Effects of an Exercise Program in Colon Cancer Patients undergoing Chemotherapy

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Abstract

Purpose

Fatigue is a common problem among colon cancer patients and typically increases during chemotherapy. Exercise during chemotherapy might have beneficial effects on fatigue. To investigate the short- and long-term effects of an exercise program in colon cancer patients during adjuvant treatment, the Physical Activity During Cancer Treatment study was conducted.

Methods

In this multicenter randomized controlled trial, 33 colon cancer patients undergoing chemotherapy (21 men and 12 women) were randomly assigned to either a group receiving an 18-wk supervised exercise program (n = 17) or to usual care (n = 16). The primary outcome was fatigue as measured by the Multidimensional Fatigue Inventory and the Fatigue Quality List. Secondary outcomes were quality of life, physical fitness, anxiety, depression, body weight, and chemotherapy completion rate. Outcome assessment took place at baseline, postintervention (18 wk) and at 36 wk.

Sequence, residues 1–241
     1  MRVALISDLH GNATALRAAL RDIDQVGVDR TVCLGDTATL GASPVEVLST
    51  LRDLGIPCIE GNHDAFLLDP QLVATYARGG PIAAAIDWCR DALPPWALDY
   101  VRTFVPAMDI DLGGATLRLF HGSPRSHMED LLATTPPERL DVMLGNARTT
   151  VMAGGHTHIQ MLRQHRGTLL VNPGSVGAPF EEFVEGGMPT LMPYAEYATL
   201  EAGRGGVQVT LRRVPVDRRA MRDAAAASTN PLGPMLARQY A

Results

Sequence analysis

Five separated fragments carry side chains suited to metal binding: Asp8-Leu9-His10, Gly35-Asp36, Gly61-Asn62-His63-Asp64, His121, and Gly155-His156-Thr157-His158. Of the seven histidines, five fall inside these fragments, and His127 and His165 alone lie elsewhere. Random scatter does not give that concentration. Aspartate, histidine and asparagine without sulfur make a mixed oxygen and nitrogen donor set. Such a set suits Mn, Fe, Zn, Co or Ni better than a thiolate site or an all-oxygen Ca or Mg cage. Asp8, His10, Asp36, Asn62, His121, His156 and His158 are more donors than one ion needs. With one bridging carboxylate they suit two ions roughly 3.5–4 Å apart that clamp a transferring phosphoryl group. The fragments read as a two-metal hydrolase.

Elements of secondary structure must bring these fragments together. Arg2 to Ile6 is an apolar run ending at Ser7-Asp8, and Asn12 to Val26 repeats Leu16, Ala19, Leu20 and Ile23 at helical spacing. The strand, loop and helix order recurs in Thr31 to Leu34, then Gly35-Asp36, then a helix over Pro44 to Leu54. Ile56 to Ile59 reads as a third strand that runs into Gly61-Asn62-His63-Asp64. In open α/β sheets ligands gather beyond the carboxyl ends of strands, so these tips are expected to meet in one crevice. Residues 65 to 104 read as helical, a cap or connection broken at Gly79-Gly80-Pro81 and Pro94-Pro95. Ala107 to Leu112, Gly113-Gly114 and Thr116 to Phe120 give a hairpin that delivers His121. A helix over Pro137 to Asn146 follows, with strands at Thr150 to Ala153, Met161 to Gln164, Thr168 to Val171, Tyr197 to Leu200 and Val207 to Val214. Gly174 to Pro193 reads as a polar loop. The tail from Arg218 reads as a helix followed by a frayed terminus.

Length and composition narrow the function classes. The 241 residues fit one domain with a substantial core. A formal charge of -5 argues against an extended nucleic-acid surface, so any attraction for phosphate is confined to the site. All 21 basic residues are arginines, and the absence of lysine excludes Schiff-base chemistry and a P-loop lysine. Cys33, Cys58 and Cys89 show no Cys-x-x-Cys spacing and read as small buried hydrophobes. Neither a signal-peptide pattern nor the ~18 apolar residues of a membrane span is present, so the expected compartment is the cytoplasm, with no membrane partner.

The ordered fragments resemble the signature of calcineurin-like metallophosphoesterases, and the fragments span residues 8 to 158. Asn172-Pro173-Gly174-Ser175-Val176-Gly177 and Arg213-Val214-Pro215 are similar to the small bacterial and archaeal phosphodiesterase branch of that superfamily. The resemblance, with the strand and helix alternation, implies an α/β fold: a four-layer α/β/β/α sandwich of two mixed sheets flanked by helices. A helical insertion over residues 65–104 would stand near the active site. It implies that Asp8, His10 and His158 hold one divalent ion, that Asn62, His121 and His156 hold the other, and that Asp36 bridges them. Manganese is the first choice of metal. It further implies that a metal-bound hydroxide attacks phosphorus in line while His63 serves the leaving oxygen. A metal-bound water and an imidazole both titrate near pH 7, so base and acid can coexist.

Results

Intention-to-treat mixed linear model analyses showed that patients in the intervention group experienced significantly less physical fatigue at 18 wk and general fatigue at 36 wk (mean between group differences, −3.2; 95% confidence interval [CI], −6.2 to −0.2; effect size [ES], −0.9 and −2.7; 95% CI, −5.2 to −0.1; ES, −0.8, respectively), and reported higher physical functioning (12.3; 95% CI, 3.3–21.4; ES, 1.0) compared with patients in the usual care group.

Conclusion

The Physical Activity During Cancer Treatment trial shows that an 18-wk supervised exercise program in colon cancer patients during chemotherapy is safe and feasible. The intervention significantly reduced physical fatigue at 18 wk and general fatigue at 36 wk. Considering the number of patients included in the present study, replication in a larger study population is required.

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